This force learns fast and so do foes

This story appeared in the Oregon edition of the October ESPN RISE Magazine.

From the time the ball is snapped until the whistle blows, David Douglas (Portland, Ore.) defensive end Owamagbe Odighizuwa is in constant motion.

Odighizuwa, who goes by simply Owa, wreaks havoc all over the field. Push him outside and he'll spin back in to sack the quarterback. Throw a screen and he'll sniff it out. Even if you run a play to the opposite side of the field, he'll track you down somehow.

"He is relentless and so explosive," says David Douglas head coach Dan Wood, who's coached the Scots since 1990. "Athletically, he's pretty darn gifted, but he's also so fast out of the snap. He just doesn't quit."

"My mindset is really just to make plays," adds Owa.

Growing up, Owa never could have imagined football was in his future.

Born in Columbus, Ohio, Owa moved to Nigeria when he was 3 and lived there until he was 8. From there, he went to Dayton, Ohio, for a couple months and Virginia for a year and a half before eventually moving to Portland in the fourth grade with his mom, A.B., and three younger brothers.

"It wasn't that bad because I got to see so many places," says Owa, whose first name means love, peace and joy.

In Portland, Owa took part in his first organized sport, but it wasn't football. He wasn't allowed to put on the pads because of his mom's concerns about the safety of the sport, so instead he ran track.

"I wasn't expecting him to be a football star," says A.B. "I initially thought it was too tough and I was worried he'd get hurt."

His mom eventually relented and Owa took to the gridiron in the eighth grade. The following year, he played on the David Douglas freshman team at running back and linebacker. That spring, Wood and defensive line coach Greg Carradine discussed where Owa would best fit on varsity as a sophomore, eventually deciding on defensive end.

Since it was a position switch for a kid who barely knew the basics of the game to begin with, there were understandably some growing pains.

"He didn't know what a three-point stance was, let alone how to get into one," recalls Carradine.

So for one week of spring ball, the David Douglas coaches focused on teaching Owa fundamentals rather than having him practice. He proved to be a fast learner.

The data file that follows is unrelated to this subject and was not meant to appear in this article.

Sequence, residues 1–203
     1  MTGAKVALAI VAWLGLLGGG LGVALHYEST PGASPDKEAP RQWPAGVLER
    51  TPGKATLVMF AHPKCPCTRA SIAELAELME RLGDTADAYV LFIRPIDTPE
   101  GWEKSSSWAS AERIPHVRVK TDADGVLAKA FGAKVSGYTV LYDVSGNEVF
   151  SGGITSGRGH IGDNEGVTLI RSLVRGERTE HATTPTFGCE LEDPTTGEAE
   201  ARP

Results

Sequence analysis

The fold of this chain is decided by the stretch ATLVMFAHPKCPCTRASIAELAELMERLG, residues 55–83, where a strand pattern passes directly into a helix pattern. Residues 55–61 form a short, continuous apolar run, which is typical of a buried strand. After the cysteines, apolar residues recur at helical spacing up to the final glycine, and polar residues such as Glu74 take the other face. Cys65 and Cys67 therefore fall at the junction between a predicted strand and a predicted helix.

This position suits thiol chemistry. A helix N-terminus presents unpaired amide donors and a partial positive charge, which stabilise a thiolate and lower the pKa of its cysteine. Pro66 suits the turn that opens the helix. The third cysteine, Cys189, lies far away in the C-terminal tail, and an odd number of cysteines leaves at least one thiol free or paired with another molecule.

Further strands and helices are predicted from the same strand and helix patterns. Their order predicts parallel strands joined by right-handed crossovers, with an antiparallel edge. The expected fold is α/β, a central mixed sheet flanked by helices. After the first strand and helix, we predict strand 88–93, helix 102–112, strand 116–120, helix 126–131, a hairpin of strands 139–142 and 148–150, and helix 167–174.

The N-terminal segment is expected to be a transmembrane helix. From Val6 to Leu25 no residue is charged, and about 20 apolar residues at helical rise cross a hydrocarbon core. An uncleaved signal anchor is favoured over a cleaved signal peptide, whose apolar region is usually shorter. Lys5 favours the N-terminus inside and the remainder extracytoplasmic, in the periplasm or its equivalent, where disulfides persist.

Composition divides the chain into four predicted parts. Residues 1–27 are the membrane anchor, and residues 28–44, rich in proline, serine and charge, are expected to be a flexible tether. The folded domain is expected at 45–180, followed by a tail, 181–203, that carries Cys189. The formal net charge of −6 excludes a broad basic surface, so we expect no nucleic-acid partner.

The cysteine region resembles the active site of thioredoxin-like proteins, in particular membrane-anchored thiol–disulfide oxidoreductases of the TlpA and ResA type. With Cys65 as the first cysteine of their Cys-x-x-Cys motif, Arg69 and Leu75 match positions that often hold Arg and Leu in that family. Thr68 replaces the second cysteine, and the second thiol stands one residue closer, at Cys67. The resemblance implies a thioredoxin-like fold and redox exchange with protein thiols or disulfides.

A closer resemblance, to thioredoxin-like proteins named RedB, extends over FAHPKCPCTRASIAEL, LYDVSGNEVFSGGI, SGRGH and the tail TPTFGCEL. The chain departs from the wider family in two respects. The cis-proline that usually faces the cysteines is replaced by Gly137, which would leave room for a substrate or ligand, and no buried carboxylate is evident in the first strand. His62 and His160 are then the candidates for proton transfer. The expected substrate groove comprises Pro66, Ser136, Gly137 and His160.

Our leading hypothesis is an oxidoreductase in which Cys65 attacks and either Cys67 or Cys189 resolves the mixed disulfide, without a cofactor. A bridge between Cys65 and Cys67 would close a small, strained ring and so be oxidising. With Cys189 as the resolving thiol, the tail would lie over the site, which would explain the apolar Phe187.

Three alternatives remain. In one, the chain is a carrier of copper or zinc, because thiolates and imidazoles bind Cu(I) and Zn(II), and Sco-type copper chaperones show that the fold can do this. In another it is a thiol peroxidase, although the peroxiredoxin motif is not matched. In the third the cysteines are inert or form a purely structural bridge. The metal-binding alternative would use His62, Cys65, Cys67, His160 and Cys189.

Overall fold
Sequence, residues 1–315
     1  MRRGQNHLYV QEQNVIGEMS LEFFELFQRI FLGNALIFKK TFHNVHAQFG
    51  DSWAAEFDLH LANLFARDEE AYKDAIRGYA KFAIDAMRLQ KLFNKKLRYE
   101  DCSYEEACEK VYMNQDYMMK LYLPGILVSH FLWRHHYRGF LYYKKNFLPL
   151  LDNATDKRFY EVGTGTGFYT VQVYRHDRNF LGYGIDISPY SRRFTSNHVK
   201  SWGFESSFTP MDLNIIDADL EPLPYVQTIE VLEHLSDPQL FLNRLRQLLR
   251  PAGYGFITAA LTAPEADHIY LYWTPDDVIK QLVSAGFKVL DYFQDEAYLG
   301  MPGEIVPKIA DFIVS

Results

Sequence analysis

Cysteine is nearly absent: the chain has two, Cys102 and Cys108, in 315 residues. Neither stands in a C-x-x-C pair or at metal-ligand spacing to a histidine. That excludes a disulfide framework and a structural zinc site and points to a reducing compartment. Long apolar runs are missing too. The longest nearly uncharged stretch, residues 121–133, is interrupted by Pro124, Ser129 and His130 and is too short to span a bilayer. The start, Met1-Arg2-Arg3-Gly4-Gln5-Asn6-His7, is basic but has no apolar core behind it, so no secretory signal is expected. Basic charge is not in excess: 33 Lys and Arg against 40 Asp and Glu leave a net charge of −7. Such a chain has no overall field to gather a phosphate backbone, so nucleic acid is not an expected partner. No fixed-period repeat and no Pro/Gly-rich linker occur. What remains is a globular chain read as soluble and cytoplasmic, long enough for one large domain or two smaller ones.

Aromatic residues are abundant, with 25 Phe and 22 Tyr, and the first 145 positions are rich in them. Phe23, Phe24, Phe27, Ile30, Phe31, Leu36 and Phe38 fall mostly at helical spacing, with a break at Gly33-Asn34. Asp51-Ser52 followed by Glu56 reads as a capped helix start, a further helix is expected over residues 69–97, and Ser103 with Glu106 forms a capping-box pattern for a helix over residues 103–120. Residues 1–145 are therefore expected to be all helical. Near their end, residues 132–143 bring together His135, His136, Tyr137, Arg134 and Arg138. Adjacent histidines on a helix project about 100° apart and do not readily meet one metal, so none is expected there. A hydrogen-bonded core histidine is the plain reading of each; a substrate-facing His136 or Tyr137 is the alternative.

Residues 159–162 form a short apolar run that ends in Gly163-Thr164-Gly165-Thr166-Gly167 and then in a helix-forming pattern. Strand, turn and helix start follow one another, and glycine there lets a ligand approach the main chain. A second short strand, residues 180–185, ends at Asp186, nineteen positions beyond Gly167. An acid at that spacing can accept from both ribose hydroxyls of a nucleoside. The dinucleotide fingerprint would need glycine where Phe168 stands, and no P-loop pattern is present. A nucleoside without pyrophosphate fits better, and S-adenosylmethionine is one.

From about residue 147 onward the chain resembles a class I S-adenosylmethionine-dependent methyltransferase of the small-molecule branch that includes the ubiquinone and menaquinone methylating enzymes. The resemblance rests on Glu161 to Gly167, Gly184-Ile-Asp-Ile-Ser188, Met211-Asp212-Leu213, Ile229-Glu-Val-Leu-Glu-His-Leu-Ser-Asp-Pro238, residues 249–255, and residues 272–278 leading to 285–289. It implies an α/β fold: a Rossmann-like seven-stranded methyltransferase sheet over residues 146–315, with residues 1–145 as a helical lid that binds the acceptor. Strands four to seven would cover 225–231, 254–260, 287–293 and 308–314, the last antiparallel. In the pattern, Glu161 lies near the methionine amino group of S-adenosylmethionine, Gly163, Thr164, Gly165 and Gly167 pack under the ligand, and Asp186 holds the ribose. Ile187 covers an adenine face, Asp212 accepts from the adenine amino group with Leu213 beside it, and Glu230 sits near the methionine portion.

"Once I introduced a concept to him, he went home and worked on it, reflected on it," says Carradine. "The next day, he had the concept down."

Getting him ready to play in a game was a different story. Owa earned a starting spot at defensive end as a sophomore, but he struggled at the beginning of the season.

"I definitely felt lost," he says.

But instead of getting frustrated, Owa focused on grasping how his position was played, either through watching film or by practicing. By midseason he began to feel more comfortable, and he went on to earn All-Mt. Hood Conference first team honors.

From there, Owa took his game to the next level. He turned himself into an all-around defensive force his junior year, taking up permanent residence in opposing backfields. He finished the season with 96 tackles -- 22 for loss -- and 18 sacks and was named Mt. Hood Defensive Player of the Year. He was also named to the Class 6A All-State second team.

Meanwhile, the Scots finished 8-4 and lost to South Medford, 42-20, in the second round of the Class 6A state playoffs. Interest from colleges began to pick up once the season ended, and Owa started receiving offers from a stable of BCS powerhouses.

"It was a shock at first," Owa says. "I didn't think schools like that would reach out this far to recruit somebody. That was kind of a special thing. It gave me a lot of confidence."

And Owa has only scratched the surface of his potential. Wood, for one, believes his standout defensive end's work ethic will help make him a star on the college level and perhaps beyond.

"He's a great leader by example," says Wood. "People on our team and in school respect him because he works so hard."

Owa is as dedicated as he is on the field and in the classroom -- he had a 3.5 GPA heading into senior year -- because he's seen how hard his mother has worked to support him and his brothers. A.B. balances raising her sons with working as a nurse's assistant and studying to get her nursing degree.

"I do everything to the best of my abilities and don't take anything for granted," says Owa.

That's why the many college offers and the recent stardom haven't fazed him. He knows nothing is guaranteed in football and doesn't want to change the way he acts just because he's garnered a few accolades.

"I don't feel like because I have a lot of national attention that I'm better than anybody," he says. "I feel like I still have a journey to go. This is just a small step in it."

And the relentless Owa isn't about to stop now.

Jon Mahoney writes about high school sports for ESPN RISE Magazine.